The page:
Wayne T. Price
FLORIDA TODAY- Published July 11, 2015
MELBOURNE – Scott Lewit is looking for some friends in high places.
He needs them as tries to poke through the fortress known as the Environmental Protection Agency and get a little regulatory relief. At the least he’d like a fair hearing.
Lewit, founder and president of Compsys Inc. — a manufacturer of composite products that use a patented substance called Prisma — already has U.S. Rep. Bill Posey, R-Rockledge, on his side.
And to keep things bi-partisan, Lewit earlier this month gave a personal tour of his manufacturing on Dow Road in Melbourne to U.S. Rep. Patrick Murphy, D-Jupiter.
Murphy, by the way, is the leading Democrat contending for the U.S. Senate seat to be vacated by GOP presidential candidate Marco Rubio.
Lewit is no fly-by-night entrepreneur. A graduate of the Florida Institute of Technology, he has been in the research and manufacturing game for a couple decades in Brevard County. The U.S. Navy picked up on one of his designs, building a prototype of a utility boat that is 40 percent lighter, more fuel-efficient and less likely to injure its crew when it crashes into waves.
And Lewit also is a notable figure with the National Marine Manufacturing Association.
To understand Lewit’s position with the EPA, you have to put on your science hat for a moment.
To produce Prisma coating, Compsys needs a refrigerant and blowing agent called 134a. The EPA, in one of its attempts to reduce greenhouse gasses, last year placed limits on 134a because of the carbon dioxide equivalents it contains.
“So (the EPA) takes a very simple view and says if eliminate 134a with materials that have lower greenhouse gas, we help the environment, period end of story,” Lewit said. “Simple, but incorrect.”
“For Compsys and Prisma, we depend on 134a to produce Prisma. We have no reasonable alternative at this time,” Lewit said. “Also significant is, we save so much weight and make products last so much longer and are more efficient we can show that we save on greenhouse gasses through less materials used, better fuel efficiency etc. Add to all this, the 134a in our foam is encapsulated in composite so it cannot escape.”
Lewit says the National Marine Manufacturing Association, as well as the American Composites Manufacturers Association — and some members of Congress — have been trying to get the EPA to understand the difference between “non-recurring pollution and recurring pollution with regard to our product” for some time.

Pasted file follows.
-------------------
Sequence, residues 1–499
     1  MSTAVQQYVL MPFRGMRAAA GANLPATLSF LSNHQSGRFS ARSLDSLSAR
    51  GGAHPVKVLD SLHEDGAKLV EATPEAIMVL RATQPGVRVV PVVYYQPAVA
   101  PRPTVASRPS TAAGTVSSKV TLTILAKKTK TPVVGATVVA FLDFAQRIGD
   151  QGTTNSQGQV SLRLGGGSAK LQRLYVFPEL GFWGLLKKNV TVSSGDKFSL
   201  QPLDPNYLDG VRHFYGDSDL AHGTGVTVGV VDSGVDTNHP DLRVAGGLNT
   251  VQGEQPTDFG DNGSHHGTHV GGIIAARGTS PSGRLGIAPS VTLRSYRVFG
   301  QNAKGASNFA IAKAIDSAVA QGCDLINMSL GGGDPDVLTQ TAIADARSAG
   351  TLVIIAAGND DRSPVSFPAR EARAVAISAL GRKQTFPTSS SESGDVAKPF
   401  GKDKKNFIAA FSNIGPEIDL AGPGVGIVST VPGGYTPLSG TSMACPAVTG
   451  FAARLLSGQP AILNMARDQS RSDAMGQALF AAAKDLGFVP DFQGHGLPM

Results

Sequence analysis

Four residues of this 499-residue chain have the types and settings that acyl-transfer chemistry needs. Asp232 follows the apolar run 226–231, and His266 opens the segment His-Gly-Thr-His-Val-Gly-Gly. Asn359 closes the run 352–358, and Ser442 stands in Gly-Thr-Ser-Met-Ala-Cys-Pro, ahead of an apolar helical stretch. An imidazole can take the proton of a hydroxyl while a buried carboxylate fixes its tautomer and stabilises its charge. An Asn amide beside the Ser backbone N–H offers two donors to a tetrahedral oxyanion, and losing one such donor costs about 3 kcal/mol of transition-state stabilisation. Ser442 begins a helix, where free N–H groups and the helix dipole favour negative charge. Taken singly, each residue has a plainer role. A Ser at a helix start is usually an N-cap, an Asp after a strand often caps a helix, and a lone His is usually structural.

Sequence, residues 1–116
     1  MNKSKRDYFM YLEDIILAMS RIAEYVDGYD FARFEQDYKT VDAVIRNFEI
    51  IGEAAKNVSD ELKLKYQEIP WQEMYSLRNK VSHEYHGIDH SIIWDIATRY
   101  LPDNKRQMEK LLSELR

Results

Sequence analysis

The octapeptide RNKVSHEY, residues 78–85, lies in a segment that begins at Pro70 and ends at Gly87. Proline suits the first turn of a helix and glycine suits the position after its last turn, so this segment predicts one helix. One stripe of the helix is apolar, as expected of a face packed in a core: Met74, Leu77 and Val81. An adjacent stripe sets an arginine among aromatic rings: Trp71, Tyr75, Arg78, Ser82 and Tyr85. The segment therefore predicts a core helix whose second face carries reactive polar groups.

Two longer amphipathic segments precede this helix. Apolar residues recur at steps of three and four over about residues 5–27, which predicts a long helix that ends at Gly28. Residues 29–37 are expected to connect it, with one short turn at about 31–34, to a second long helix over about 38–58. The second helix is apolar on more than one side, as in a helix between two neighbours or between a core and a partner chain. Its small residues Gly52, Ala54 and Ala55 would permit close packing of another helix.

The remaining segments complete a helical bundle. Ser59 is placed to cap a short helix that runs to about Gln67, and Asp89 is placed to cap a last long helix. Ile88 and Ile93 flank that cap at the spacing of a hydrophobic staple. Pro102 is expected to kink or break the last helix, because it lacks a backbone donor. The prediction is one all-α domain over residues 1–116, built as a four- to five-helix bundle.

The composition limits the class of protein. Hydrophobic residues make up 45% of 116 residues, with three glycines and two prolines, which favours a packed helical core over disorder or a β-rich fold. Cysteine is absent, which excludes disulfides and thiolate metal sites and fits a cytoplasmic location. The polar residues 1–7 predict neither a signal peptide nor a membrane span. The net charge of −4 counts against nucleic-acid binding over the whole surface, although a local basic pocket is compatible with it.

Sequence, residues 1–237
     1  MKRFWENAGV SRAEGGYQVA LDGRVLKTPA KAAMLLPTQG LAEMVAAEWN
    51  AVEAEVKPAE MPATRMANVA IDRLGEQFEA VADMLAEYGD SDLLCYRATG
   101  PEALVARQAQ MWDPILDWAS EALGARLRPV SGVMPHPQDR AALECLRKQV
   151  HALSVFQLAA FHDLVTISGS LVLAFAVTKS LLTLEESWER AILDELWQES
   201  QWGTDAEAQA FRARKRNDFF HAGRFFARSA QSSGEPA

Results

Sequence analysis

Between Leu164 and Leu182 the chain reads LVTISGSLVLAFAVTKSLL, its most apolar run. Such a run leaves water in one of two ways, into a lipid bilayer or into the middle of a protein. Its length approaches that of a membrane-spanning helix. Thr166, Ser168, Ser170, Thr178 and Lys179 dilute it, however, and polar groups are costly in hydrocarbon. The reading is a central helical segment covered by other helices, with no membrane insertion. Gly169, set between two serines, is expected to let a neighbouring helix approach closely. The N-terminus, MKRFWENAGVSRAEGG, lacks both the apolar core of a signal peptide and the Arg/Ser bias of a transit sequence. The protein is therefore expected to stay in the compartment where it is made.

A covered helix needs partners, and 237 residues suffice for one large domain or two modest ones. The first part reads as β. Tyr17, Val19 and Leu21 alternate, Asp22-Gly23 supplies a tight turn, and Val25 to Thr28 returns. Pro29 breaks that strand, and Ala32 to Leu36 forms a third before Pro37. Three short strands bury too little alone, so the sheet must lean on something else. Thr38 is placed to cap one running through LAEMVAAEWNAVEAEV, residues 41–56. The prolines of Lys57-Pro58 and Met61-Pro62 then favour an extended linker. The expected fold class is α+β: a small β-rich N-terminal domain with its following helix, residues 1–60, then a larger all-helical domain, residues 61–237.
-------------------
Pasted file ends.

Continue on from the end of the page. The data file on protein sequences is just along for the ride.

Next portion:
Lewit also offers this example:
“In 1996 we did a Sea Ray boat that won an award. It had a 50 percent lighter hull that allowed them to use a V-6 engine versus a V-8,” Lewit said. “This reduced the cost of the boat, reduced the fuel it needs, reduced the weight and cost of the trailer and allowed a smaller less costly tow vehicle, which would get better gas mileage.
“Without Prisma the boat would have cost more to purchase, more to run, more to tow and it all would have made more greenhouse gasses.”
For reference using one gallon of fuel creates 22.39 pounds of carbon dioxide, so making a lighter more efficient product uses less fuel and thus creates less pollution, Lewit said. He presented his findings to the EPA and essentially got nowhere.
“I talk to them,” Lewit said, “but they will not talk back to me.”
That’s where guys like Posey and Murphy hopefully can, and will, step up. Lewit understands and appreciates the EPA’s mission. But it is a powerful bureaucracy that can make things rough for business operators, large and small.
Lewit, who also has the U.S. Small Business Administration helping with his case, desperately needs to get the EPA folks to understand that a one-size-fits-all policy painfully burdens small manufacturers and muzzles growth and jobs.
Murphy, an advocate of repairing the ecological damage on the Indian River and Florida Everglades, was sympathetic.
“The bureaucracy in Washington is stifling growth in many areas,” said Murphy, who earlier in the year while on a tour of the Everglades with President Obama presented the president with a jar of muck from the Indian River to illustrate the need to focus more efforts on the waterway’s recovery.
“Oftentimes people get in this conversation of too much regulation, or not enough,” Murphy added. “To me it’s smarter regulation. It’s addressing the key issues at hand and not painting it as a one size fits all.”
From his lips to the EPA’s ears.
Price is business editor at FLORIDA TODAY. He can be reached at 321-242-3658 or firstname.lastname@example.org. You can also follow him on Twitter @Fla2dayBiz.